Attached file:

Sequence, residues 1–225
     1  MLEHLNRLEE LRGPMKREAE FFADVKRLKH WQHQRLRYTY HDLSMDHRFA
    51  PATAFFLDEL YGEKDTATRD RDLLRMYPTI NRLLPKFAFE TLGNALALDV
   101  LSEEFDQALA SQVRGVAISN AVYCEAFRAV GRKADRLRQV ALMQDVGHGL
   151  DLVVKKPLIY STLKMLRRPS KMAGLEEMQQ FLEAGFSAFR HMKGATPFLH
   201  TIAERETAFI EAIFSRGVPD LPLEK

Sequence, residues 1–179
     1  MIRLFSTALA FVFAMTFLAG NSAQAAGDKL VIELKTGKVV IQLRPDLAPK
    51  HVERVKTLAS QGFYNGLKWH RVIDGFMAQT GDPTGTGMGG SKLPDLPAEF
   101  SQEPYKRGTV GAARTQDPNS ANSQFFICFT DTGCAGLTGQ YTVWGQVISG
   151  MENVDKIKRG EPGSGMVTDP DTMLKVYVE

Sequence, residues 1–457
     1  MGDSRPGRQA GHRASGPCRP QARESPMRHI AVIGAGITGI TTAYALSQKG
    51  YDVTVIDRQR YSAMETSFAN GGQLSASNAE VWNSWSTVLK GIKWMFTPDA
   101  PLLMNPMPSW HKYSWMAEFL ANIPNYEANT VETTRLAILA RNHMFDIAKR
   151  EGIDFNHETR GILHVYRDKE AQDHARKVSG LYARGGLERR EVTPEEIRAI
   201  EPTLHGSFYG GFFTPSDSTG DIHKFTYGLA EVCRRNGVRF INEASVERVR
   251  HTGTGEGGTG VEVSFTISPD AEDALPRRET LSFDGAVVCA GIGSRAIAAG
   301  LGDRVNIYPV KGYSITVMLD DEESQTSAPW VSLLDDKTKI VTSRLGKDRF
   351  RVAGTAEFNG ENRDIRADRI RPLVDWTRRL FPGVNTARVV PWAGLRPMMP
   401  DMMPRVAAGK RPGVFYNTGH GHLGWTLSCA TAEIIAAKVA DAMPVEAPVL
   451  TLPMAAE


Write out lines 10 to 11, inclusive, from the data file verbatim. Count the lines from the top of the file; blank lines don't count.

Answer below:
   101  SQEPYKRGTV GAARTQDPNS ANSQFFICFT DTGCAGLTGQ YTVWGQVISG
   151  MENVDKIKRG EPGSGMVTDP DTMLKVYVE